To be sure, there's no shortage of analyst concern over the decision by India's Supreme Court to cancel most of the around 218 coal fields awarded to private companies from 1993-2010, ruling that the allocations were arbitrary and lacked transparency, with most of the blocks assigned without competitive bidding. The court also imposed a penalty of 295 rupees (around $4.80) per ton of any coal extracted since the blocks were allocated.
Read More India's top court cancels coal allocations
"This is the worst possible outcome for the metal and power companies," said Anubhav Gupta, an analyst at Maybank-KimEng, in a note Thursday. "Production cost will surge," he said, estimating coal producers may face penalties of up to $3 billion. "The [metal and power] companies will have to buy coal from Coal India or import it and spend additional money on re-applying for their blocks."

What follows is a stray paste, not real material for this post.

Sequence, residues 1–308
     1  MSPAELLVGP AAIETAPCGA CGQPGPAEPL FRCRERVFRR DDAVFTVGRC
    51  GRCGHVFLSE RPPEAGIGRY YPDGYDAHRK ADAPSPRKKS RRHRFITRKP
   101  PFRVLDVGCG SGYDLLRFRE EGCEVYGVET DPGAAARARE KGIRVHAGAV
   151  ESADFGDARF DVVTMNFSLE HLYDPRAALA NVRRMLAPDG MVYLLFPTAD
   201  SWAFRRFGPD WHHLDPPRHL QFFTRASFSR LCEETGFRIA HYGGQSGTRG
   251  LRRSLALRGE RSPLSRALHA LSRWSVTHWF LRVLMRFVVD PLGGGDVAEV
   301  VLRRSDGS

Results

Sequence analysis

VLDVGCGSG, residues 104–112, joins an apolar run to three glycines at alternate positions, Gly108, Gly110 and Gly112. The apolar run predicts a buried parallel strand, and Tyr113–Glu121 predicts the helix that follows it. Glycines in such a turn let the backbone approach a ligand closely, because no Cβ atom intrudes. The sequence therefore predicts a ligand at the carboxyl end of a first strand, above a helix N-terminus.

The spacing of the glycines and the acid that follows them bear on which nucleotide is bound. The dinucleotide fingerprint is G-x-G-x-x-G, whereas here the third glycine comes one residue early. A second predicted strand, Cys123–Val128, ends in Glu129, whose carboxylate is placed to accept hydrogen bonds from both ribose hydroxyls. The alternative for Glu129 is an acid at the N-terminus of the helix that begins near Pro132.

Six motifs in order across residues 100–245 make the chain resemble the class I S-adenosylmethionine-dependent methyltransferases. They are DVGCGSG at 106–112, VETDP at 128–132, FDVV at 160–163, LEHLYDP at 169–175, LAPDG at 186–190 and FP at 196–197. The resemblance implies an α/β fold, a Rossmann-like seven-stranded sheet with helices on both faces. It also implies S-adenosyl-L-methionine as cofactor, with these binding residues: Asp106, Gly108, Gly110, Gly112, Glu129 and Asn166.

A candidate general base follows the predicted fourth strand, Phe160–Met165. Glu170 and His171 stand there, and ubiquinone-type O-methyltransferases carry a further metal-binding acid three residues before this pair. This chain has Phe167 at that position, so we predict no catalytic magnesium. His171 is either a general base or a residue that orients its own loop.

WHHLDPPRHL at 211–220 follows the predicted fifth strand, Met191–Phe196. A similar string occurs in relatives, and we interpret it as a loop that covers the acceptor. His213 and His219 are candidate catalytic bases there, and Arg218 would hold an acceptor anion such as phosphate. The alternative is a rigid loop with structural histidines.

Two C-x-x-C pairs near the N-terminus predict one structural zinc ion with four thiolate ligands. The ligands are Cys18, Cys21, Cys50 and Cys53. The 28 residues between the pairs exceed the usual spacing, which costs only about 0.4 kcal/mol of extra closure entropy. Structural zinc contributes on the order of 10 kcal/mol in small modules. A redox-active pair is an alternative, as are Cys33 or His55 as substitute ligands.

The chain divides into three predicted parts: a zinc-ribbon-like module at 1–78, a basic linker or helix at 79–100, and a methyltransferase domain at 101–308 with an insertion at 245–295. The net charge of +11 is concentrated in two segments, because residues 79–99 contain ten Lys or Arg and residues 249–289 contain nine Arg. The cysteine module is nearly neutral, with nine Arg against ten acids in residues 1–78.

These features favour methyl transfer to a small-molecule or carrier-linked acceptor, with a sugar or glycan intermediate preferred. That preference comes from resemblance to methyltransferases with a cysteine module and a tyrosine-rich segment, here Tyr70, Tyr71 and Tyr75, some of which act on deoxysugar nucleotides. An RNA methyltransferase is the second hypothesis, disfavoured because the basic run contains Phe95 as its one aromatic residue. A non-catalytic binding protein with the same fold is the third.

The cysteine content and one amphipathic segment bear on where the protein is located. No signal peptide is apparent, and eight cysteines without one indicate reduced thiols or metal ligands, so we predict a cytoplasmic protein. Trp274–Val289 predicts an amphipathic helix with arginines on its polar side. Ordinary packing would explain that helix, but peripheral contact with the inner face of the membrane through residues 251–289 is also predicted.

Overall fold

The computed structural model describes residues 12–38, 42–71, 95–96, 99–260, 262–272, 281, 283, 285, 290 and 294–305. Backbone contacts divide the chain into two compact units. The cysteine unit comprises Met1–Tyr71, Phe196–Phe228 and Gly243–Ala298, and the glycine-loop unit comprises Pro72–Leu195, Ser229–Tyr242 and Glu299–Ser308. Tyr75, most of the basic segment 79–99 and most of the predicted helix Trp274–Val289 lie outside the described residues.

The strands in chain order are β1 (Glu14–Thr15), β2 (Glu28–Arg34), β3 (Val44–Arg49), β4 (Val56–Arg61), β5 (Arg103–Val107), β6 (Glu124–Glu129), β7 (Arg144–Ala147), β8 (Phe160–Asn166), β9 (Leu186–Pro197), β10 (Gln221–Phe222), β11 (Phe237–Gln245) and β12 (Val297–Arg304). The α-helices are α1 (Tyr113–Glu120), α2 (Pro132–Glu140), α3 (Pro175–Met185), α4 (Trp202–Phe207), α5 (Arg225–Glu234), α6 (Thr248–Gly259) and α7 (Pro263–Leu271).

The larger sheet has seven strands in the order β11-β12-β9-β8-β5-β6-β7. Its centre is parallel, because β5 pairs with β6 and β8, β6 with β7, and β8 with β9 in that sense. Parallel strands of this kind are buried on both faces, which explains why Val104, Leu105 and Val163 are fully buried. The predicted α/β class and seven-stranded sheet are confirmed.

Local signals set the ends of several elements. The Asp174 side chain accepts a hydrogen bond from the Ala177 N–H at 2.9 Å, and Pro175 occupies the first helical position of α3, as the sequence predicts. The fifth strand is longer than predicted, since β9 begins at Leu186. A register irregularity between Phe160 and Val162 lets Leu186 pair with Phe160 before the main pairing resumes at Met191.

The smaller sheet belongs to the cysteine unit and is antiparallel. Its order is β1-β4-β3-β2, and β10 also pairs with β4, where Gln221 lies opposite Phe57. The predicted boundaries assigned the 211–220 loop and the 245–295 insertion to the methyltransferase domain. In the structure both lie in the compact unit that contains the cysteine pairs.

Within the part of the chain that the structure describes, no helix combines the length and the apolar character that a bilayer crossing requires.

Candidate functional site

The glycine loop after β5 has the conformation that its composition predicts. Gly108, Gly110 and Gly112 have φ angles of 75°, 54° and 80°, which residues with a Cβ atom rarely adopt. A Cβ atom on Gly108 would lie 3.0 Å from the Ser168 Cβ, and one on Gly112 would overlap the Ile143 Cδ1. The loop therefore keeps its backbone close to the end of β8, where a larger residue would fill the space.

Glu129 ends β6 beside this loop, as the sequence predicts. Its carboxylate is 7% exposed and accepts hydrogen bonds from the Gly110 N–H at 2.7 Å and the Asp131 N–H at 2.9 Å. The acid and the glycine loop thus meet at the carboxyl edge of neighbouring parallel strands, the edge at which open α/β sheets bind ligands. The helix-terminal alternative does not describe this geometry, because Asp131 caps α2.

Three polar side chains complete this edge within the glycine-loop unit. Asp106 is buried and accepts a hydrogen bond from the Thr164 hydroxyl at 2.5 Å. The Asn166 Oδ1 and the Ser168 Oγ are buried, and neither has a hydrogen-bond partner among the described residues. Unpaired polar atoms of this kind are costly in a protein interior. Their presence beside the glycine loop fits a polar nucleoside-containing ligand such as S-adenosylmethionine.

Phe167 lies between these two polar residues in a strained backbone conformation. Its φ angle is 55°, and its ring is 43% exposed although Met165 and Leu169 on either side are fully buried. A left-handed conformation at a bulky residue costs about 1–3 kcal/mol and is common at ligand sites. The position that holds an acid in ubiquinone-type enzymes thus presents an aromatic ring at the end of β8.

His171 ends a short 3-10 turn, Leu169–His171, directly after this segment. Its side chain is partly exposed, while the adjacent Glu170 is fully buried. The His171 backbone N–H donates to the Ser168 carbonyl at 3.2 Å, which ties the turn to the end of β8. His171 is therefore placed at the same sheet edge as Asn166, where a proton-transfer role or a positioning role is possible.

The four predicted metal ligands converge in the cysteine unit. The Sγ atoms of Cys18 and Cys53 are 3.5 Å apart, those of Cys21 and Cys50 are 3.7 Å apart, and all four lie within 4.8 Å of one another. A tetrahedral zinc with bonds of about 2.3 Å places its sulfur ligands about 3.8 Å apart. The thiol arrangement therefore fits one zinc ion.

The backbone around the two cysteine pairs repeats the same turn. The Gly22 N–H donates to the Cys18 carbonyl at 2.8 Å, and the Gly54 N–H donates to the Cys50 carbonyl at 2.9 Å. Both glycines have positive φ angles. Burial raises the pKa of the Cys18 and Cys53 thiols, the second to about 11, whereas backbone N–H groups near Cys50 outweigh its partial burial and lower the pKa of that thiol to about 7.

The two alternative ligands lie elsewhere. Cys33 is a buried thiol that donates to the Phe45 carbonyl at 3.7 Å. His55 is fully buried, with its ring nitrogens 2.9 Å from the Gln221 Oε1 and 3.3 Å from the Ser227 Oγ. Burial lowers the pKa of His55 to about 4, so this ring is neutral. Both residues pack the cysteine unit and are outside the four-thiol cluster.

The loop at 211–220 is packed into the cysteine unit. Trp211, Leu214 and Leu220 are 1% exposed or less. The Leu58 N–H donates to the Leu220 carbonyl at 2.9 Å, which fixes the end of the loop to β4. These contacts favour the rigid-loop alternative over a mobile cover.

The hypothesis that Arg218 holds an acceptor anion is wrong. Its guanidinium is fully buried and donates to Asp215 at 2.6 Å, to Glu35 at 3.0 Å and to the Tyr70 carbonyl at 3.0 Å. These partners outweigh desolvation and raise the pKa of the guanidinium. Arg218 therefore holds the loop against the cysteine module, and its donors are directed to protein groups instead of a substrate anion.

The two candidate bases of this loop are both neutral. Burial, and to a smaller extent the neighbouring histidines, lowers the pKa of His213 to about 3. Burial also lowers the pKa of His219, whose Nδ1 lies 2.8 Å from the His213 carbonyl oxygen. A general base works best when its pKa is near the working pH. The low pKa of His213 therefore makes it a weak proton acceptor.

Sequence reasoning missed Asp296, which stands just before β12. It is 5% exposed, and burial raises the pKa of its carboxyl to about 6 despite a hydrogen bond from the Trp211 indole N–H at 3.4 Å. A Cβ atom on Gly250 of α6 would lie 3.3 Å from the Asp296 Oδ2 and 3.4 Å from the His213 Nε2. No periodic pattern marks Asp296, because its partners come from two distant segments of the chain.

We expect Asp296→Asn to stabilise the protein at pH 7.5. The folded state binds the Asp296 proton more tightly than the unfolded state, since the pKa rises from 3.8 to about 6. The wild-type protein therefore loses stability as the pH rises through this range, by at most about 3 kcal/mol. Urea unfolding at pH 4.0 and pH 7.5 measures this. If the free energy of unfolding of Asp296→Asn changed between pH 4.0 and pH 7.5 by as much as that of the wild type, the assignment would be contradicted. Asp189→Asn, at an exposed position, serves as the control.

Coal is a key industry for India, with Gupta noting the mines in question feed about 10 percent of the country's total power capacity and around 10 percent of its steel production.
"This de-allocation could further worsen the demand-supply gap in coal, given that coal block auctions would delay the ramp-up of these mines by 6-12 months at least," Credit Suisse said in a note Thursday.
Read More No quick fix for India's coal supply crisis - minister
Even as IHS's Biswas is looking on the bright side of the decision, he's also concerned about the immediate economic impact.
"The Indian power industry is already operating on very thin stocks of thermal coal, with half of India's power stations having coal stocks for less than one week," Biswas said. "Given India's chronic power shortages, further disruption to coal output could create more severe problems for the power industry as well as the steel and cement industries, which are other major consumers of coal."
The coal shortage may ricochet.
"This temporary setback is also likely to increase overall short-to-medium-term reliance on coal imports, and there are concerns that the ports will not be able to cope with the surge in imports," Romita Das, an associate analyst for India and South Asia risk analysis at Control Risks, said via email.